“Small businesses are more likely to have passionate people or passionate people are more likely to be in small businesses,” says August Turak, author of “Business Secrets of the Trappist Monks: One CEO’s Quest for Meaning and Authenticity.”
“They’re much more closely associated with the mission of the organization. Passionate people can accomplish anything,” says Turak, a leading voice on workplace spirituality. “Group them together and the ordinary challenges of business are much diminished.”
What makes for a passionate business? Selflessness, Turak writes, takes over when “sense of time disappears” and people no longer think about themselves. He adds that this state nourishes happiness, productivity and spontaneity.
How does this concept translate to small-business employees? Paul Jacobs, chief investment officer in the Atlanta office of Palisades Hudson Financial Group LLC, manages five financial planners. Jacobs, who is a financial planner himself, he describes a passionate business as one “where employees feel comfortable and are motivated to serve their customers as best they can.”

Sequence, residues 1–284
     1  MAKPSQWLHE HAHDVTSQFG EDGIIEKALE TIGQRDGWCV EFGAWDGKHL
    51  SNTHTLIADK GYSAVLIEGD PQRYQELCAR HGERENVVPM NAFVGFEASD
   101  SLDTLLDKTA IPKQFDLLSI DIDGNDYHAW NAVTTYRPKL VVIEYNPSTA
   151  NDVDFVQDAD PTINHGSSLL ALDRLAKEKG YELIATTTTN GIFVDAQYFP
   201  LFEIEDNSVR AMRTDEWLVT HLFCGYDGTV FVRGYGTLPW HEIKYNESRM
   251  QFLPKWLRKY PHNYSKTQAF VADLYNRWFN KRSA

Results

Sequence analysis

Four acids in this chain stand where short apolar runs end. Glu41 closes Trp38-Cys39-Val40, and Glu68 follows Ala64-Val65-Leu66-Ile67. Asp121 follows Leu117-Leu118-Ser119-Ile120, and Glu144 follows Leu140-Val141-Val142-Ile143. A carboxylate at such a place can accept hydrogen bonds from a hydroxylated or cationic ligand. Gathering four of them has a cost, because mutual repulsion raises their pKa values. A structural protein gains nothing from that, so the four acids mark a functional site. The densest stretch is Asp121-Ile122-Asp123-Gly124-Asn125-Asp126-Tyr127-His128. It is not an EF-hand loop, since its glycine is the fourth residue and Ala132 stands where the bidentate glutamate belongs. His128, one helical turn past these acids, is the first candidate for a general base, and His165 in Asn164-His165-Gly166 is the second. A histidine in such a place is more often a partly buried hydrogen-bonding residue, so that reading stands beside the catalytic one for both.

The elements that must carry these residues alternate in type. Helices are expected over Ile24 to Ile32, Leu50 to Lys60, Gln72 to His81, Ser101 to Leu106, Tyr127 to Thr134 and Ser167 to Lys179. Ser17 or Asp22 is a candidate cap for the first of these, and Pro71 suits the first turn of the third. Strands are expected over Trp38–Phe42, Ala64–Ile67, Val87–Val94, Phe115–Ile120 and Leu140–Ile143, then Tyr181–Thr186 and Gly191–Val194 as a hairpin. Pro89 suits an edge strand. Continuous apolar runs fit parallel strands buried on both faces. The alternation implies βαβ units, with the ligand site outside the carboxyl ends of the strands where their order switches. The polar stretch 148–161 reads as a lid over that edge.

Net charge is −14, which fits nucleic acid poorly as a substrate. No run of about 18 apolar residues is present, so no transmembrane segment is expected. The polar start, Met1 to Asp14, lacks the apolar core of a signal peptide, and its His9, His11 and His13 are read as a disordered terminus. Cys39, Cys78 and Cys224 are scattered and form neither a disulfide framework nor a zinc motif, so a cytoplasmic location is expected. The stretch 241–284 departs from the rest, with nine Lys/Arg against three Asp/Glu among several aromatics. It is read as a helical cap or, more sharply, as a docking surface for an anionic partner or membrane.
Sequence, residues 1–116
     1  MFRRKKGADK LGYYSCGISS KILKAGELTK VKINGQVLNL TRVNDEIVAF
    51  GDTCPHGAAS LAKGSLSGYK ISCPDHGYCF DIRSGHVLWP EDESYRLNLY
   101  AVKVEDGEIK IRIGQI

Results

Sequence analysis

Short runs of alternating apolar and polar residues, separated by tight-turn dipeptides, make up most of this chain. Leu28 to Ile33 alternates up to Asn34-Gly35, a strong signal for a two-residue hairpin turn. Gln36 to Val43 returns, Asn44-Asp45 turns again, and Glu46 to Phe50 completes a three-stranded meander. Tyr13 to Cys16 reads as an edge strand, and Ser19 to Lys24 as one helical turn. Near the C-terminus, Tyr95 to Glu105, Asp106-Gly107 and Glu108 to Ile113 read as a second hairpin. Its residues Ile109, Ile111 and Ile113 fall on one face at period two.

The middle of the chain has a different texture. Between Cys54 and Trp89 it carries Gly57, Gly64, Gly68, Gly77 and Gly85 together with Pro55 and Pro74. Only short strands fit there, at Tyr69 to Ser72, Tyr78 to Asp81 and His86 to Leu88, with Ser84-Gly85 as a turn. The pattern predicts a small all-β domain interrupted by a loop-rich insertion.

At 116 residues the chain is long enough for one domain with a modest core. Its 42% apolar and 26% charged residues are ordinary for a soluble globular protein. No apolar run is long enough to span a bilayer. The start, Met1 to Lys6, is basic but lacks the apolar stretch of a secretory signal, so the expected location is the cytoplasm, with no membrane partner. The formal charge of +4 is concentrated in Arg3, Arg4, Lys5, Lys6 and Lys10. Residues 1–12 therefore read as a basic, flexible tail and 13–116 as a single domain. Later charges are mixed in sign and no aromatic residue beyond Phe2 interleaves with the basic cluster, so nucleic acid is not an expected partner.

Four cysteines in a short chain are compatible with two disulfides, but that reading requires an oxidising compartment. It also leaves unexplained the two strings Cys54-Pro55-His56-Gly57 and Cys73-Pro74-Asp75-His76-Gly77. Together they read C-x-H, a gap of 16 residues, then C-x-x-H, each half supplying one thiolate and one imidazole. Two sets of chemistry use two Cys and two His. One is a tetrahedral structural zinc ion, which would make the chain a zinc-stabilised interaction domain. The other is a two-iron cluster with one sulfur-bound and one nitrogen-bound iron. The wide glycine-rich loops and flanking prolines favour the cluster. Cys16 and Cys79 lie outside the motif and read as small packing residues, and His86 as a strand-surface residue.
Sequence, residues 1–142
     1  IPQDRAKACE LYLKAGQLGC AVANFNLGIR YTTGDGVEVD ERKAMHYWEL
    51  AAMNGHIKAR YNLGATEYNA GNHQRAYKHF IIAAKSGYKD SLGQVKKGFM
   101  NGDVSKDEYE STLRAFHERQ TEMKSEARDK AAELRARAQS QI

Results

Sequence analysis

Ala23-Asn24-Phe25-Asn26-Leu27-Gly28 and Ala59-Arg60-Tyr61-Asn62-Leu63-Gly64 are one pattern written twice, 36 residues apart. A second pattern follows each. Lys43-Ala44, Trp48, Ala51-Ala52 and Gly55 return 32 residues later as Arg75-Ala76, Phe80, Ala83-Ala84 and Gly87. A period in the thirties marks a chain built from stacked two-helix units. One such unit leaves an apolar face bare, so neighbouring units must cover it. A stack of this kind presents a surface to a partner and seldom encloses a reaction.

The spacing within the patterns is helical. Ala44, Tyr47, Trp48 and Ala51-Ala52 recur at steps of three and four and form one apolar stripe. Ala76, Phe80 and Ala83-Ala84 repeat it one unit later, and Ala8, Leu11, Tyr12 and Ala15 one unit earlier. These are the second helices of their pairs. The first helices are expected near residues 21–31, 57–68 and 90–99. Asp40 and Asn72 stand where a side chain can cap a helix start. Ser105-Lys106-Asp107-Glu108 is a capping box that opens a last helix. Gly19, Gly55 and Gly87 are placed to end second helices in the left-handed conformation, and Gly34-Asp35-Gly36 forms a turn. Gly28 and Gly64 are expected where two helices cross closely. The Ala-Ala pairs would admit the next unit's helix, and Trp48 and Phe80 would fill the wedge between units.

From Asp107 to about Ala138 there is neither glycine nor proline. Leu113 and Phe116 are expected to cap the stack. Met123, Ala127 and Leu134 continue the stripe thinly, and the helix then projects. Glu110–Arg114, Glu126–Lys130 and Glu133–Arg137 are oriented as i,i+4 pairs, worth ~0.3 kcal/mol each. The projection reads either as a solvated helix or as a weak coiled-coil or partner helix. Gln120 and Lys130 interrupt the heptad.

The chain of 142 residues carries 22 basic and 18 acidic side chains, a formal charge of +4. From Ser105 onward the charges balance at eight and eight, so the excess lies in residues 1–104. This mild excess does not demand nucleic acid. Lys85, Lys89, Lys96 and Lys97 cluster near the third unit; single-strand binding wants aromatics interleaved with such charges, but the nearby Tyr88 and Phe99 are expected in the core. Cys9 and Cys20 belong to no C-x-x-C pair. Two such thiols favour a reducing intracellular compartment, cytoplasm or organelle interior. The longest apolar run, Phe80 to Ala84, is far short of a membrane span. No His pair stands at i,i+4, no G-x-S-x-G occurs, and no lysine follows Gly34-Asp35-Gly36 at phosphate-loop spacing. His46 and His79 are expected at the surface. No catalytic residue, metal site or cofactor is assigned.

Isabelle Fish extends this concept considerably for her employees. She’s president of Rue Pigalle Inc., a boutique costume jeweler in Toronto, with jewelry and accessories from independent designers primarily in Europe, but also the United States and Israel.
She views a passionate business as “one that creates, expresses and shares emotion throughout the whole process. If a staff member feels it but can’t express or share it with customers, my chain is broken.”
Turak says two kinds of organizations, transformational and unconsciously transformational, help employees step outside of themselves. The first has a mission of selfless service, as in monasteries, the Marine Corps, Alcoholics Anonymous and the IBM Executive School. These groups use their own specific method to nourish selflessness.
Smaller organizations tend to be unconsciously transformational, “‘accidentally’ offering people transformative experiences.”
Fish inspires her staff by conveying that she truly values their work, integrating them in all parts of the process and watching for joie de vivre.
“Show that it’s important to what you’re doing and that without them, you couldn’t function,” she says. “Share your emotions.” She watches for emotion and interest in the story behind each item.
Palisades Hudson, in all four of its locations, hires new grads only “to mold them into financial professionals and avoid any preconceived notions of the best way of doing business,” Jacobs reports. “Then we build career paths for them so they can enjoy and be passionate about working.”
Dr. Mildred L. Culp of WorkWise® welcomes your questions at firstname.lastname@example.org. © 2013 Passage Media.